This is important to know for articles and research studies. It is true—some studies out there are skewed in the favor of certain companies, like Coca-Cola sponsoring research that says sugar-sweetened beverages aren’t actually that bad for you, or the “complex conundrum” questioning if animal protein really affects cardiovascular health—sponsored by numerous national associations for egg, beef, pork, and poultry production. You can usually find this kind of information in sections such as disclosures, conflict of interest, sponsored, or notes at the bottom.
3. Was the study fair?
If someone is making a claim based on a recent study, read the abstract. What were the methods conducted for the study? What kinds of people participated? Or was it set up in someone else's favor?
4. What do medical experts say?
Honestly, I wouldn’t trust what anyone was saying unless a doctor (with nutrition certifications) or a registered dietitian is involved. I have yet to come across an expert whose viewpoints contradict the general ideals of good nutrition—get a sufficient amount of protein and fiber, eat a variety of plants and whole foods, move your body, don’t restrict yourself because extreme dieting always backfires, etc.
5. Does this work for me?
Now that you’ve sufficiently done the background check of whatever you’re reading, you can **determine if it works well for you or not. Just because you’re reading something and it works for others does not mean it works for you. Even if dietitians say drinking chia seed water is technically fine for constipation…what does your body say? Is it something that actually works for you and your health? It’s okay if the answer is no—this just means you’re allowing yourself to take back the power of choice.
Because hey! If you like eating a 100% plant-based diet and you’re getting enough of the nutrients you need—like protein, iron, calcium, and vitamin D, which commonly come from animal-based sources—then why not eat the way that works for you?
But can we really trust nutrition science research?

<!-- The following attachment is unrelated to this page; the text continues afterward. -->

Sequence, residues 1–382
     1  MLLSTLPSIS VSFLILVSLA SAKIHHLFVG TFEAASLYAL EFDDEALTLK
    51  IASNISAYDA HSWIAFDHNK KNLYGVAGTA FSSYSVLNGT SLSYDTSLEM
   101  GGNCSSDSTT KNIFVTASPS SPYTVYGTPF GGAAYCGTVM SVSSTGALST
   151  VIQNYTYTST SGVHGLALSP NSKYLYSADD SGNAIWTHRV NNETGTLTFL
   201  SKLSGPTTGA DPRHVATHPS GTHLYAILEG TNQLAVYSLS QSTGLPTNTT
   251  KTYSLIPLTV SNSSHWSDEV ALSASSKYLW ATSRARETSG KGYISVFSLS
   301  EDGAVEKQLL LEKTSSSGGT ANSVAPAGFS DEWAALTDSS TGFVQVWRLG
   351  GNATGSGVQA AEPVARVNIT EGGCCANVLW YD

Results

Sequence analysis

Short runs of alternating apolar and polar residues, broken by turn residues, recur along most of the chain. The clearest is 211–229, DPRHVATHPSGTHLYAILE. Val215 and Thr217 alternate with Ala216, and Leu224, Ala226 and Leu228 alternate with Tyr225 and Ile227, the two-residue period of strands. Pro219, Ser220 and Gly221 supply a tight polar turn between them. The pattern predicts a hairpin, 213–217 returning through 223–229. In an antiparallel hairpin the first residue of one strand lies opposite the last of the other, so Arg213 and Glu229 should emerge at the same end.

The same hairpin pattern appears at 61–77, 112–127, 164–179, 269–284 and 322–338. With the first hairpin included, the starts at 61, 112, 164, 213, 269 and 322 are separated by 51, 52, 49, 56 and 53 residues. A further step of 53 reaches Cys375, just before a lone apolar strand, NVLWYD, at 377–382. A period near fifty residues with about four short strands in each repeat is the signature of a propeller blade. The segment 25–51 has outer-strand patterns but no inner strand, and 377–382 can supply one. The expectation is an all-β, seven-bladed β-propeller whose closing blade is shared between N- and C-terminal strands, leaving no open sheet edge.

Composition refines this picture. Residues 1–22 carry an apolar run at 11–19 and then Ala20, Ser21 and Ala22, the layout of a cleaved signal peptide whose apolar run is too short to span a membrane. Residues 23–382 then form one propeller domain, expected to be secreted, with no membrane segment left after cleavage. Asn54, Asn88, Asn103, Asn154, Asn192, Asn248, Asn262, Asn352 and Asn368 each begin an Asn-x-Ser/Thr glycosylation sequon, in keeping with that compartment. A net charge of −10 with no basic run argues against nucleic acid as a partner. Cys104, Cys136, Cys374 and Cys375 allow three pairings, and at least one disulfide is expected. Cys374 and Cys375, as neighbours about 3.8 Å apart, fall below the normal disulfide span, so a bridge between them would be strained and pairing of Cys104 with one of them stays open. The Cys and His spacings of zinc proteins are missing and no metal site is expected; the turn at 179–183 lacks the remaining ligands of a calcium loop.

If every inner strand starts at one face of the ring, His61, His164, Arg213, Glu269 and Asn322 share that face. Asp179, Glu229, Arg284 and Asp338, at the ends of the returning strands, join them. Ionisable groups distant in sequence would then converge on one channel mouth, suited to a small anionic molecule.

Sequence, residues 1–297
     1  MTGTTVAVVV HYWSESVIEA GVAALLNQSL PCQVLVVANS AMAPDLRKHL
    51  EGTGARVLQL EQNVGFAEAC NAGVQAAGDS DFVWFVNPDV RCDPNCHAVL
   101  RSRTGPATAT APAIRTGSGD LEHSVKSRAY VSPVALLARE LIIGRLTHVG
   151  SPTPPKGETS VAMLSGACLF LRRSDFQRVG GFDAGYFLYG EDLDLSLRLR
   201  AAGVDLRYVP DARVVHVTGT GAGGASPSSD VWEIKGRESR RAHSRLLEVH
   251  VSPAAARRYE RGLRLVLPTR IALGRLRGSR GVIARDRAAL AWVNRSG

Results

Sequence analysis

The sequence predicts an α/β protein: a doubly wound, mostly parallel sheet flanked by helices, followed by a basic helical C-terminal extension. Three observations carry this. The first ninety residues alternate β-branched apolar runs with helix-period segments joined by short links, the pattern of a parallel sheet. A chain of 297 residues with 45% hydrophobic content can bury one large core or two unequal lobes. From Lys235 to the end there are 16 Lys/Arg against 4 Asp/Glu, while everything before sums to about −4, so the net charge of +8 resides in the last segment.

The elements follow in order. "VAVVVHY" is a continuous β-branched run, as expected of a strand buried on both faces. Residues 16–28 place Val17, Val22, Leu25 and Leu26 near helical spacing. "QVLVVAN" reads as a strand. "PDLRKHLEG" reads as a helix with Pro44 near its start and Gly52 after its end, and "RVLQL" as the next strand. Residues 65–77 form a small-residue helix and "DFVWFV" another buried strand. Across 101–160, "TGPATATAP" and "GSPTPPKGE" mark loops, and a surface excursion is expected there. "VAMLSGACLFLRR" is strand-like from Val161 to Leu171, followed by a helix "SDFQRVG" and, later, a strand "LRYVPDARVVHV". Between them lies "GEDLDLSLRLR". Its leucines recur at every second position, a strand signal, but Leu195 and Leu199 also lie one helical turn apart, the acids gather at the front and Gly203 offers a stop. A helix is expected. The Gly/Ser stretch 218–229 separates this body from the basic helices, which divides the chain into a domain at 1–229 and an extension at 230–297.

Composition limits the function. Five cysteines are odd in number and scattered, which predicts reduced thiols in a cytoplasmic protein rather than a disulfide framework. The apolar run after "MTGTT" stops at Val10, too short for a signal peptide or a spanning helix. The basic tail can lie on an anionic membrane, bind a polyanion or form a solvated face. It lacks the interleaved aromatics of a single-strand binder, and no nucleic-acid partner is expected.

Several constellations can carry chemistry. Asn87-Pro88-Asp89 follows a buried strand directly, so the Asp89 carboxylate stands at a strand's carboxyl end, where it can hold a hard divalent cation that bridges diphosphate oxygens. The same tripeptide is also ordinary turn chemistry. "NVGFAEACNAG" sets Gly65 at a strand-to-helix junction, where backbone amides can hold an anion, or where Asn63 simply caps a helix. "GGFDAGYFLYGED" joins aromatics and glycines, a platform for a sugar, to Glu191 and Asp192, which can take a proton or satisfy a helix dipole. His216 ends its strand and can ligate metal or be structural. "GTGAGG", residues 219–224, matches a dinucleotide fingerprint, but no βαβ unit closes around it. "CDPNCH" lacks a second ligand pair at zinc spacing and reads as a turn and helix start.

The field of nutrition science is still relatively new—the research we have has really only been discovered within the past 100 years. Plus, we’ve seen a lot of contradicting advice out there—remember when eating fat was the problem so we made our products fat-free and loaded them with sugar? Now it feels like it’s popular to follow the complete opposite—avoid sugar and carbs at all costs and eat as much fat as you want.
However, I do still have faith in the field of nutrition. Even though it seems there are so many studies being released with different suggestions on how to eat, truthfully, they hilariously all point to the same way of eating. Choose whole, unprocessed foods and reduce your intake of foods that increase your risk of disease. Seriously, it’s that simple. Dietitians and doctors agree.
This article also tries to make the point that nutrition science studies are observational and not controlled trials, but that’s not always true—there are plenty of randomized controlled trials done in regards to nutrition that we can learn from.
I’m not saying we all need to go 100% plant-based, which is what this article is trying to discredit. But I am pointing out there is enough research out there that we can trust for tips on eating for better health. You don’t have to listen to some big wig at a major company that’s telling you how to eat. You are in charge of your own health. You have the power to make those decisions.
Oh, and to finish this up (and bring it back to that original article), study after study after study after study point out the positive benefit of plant-based eating on your health. It lowers your risk of cardiovascular disease as well as type 2 diabetes and all-cause mortality, lowers cholesterol and blood pressure, and even improves cognitive function. Sure, there is still a lot for us to learn. But after talking to countless experts, I know for a fact that eating more plants is good for you. And that’s not based on opinion or faith or assumption.
I can’t stop making these Bacon Jalapeño Smashed Chicken Burgers.
The recipe comes from Joy The Baker. If you don’t follow her on Instagram, honestly, you should. She’s just one of those people that make the platform fun to engage with. She’s real and personal and funny and isn’t afraid to make things look messy. She’s such a great representation of what life looks like in the kitchen—which sometimes means eating a gooey cinnamon roll over the kitchen sink. It just happens sometimes, ya know?
So if you need an easy summer meal that, again, does not turn on the oven (y’all know how much I hate that), these chicken smash burgers are going to be a new go-to.